Creative Commons has been around for several years, but my conversation about copyright law with Summer Huggins last week made me think it’s time for a reminder about this great service.
I grew up on The Cluetrain Manifesto. I can even still make a great argument for why your information wants to be free, but for most folks, that’s not a real business possibility. But many individuals and businesses just automatically mark all their content — words, images, audio, video — with “All Rights Reserved,” the most restrictive copyright notice out there.
For some content, that makes sense. But often, we use the Internet as a distribution channel because we want people to share our content. Often, we’re not even as interested in whether we make money off the sharing; it’s spreading the word that matters.
When that’s the case, you need to use one of the licensing options offered by Creative Commons.
You’ll notice the Creative Commons logo at the bottom of this blog — a “By-Share Alike” license. I allow my work to be re-used on other sites as long as people give me credit with a link back to this site, and as long as they also allow it to be re-used from their site in the same way.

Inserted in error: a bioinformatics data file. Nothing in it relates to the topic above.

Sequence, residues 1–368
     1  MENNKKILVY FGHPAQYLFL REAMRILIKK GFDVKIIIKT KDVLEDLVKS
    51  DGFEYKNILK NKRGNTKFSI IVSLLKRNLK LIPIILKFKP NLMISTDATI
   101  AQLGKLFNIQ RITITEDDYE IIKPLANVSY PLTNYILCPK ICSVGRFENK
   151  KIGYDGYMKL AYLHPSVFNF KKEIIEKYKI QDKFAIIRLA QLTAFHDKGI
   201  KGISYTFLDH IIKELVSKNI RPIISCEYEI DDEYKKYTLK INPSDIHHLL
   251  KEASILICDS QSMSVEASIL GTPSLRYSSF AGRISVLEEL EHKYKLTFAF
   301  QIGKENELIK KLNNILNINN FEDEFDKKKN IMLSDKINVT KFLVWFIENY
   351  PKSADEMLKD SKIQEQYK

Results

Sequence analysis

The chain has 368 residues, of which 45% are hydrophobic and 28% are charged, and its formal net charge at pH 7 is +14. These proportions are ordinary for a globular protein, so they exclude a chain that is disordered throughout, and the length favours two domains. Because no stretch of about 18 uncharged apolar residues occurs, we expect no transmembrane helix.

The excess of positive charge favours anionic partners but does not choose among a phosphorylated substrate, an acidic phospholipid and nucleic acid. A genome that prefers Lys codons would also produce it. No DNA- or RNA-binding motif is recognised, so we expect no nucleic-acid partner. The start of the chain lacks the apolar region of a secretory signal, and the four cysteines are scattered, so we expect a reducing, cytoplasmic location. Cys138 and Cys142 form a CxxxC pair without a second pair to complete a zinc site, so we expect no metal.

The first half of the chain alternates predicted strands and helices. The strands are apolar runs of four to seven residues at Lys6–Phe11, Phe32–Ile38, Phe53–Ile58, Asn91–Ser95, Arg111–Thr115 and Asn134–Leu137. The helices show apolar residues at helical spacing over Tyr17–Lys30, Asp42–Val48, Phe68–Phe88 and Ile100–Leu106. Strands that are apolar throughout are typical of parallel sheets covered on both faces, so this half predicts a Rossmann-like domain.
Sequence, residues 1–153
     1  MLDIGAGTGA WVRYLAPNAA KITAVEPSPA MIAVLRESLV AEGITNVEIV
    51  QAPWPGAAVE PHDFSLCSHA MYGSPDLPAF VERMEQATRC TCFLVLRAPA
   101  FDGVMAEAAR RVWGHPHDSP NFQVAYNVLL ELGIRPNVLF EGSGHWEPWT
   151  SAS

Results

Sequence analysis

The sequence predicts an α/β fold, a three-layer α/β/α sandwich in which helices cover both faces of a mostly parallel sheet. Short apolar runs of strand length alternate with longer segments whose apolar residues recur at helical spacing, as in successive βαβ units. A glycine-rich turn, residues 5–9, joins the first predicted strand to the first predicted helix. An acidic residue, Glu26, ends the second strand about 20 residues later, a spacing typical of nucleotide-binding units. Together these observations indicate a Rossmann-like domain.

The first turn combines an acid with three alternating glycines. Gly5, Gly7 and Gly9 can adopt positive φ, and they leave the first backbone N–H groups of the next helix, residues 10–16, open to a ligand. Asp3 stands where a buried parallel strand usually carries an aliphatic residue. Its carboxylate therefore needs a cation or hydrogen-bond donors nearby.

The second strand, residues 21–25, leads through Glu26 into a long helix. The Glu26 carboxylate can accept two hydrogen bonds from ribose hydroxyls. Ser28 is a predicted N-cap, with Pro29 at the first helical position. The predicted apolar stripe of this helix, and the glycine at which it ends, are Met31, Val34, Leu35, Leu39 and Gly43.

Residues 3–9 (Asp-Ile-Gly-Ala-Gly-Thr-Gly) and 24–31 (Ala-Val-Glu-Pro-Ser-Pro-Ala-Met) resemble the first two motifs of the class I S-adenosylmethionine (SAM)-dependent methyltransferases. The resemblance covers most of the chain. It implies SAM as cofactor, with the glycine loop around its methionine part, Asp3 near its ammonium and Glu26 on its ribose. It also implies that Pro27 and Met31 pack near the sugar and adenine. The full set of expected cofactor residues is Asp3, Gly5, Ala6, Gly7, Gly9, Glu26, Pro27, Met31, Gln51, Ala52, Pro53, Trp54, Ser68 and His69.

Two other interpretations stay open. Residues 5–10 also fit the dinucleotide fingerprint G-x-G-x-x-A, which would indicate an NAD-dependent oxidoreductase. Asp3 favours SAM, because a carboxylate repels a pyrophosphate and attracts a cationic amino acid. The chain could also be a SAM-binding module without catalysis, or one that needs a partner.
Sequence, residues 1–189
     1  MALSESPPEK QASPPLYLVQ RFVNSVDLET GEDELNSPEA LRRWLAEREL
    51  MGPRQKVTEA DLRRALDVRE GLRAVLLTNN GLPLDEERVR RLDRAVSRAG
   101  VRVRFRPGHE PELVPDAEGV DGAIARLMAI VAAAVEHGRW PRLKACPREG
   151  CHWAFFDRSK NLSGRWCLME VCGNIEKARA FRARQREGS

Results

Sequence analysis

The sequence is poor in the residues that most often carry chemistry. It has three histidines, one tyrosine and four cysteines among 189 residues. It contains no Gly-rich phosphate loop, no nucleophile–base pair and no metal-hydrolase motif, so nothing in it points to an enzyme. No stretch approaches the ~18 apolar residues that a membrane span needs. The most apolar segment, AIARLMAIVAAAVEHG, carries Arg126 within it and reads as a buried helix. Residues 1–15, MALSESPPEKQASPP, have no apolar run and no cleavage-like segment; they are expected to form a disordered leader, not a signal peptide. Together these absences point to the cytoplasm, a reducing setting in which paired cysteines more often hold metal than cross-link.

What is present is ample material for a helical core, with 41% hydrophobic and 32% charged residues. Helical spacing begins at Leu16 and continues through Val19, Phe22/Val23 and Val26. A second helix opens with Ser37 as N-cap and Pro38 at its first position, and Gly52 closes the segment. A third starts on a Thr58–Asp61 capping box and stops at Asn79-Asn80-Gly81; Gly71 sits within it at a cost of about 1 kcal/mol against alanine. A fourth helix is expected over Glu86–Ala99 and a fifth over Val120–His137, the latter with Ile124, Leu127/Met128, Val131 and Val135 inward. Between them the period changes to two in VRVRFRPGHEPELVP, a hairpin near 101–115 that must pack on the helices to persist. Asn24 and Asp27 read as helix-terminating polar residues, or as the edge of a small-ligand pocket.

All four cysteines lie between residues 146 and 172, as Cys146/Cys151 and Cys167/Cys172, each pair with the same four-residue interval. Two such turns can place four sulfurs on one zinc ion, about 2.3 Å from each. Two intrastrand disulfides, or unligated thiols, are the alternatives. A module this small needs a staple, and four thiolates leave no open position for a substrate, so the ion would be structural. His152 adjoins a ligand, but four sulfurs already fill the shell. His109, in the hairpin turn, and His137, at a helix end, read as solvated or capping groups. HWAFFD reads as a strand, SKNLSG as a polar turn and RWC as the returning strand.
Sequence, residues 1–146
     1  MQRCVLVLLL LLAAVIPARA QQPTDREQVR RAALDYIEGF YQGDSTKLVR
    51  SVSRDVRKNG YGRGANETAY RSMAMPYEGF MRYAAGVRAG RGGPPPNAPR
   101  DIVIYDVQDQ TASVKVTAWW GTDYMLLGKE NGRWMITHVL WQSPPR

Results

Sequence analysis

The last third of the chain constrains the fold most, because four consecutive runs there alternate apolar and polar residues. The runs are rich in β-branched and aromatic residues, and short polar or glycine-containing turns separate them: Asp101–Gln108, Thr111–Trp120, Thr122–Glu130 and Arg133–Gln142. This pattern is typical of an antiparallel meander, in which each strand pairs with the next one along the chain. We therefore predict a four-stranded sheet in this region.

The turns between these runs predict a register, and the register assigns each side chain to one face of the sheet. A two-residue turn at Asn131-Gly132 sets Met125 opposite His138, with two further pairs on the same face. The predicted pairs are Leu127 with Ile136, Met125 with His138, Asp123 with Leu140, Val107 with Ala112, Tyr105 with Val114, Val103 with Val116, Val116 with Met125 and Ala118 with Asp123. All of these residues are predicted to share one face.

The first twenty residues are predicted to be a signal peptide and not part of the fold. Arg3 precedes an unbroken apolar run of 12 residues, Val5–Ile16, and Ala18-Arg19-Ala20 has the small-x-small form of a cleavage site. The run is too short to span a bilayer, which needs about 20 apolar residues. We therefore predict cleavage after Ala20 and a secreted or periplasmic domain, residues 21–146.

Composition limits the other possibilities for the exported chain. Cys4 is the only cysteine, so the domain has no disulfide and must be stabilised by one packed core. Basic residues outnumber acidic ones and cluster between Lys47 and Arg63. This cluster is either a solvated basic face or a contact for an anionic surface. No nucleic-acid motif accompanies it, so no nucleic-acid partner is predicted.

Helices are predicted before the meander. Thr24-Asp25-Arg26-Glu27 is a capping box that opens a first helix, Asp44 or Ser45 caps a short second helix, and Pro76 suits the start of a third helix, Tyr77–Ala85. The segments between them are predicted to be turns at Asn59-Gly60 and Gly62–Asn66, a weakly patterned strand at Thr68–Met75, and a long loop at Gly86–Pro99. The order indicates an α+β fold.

But Creative Commons offers a wide variety of licenses, even if you don’t want to be as liberal with your content as I do. Other options allow you to limit commercial uses or derivative works of your content.
Creative Commons doesn’t manage the distribution of your content — it simply provides a licensing framework that’s becoming well-accepted online. When you’re managing content online, you can certainly choose to do so with the same restrictions that many people expect for printed or recorded content. But take the time to think through your business goals — and when it makes more sense to allow greater usage of your content, try a Creative Commons licensing option to make your life a little easier.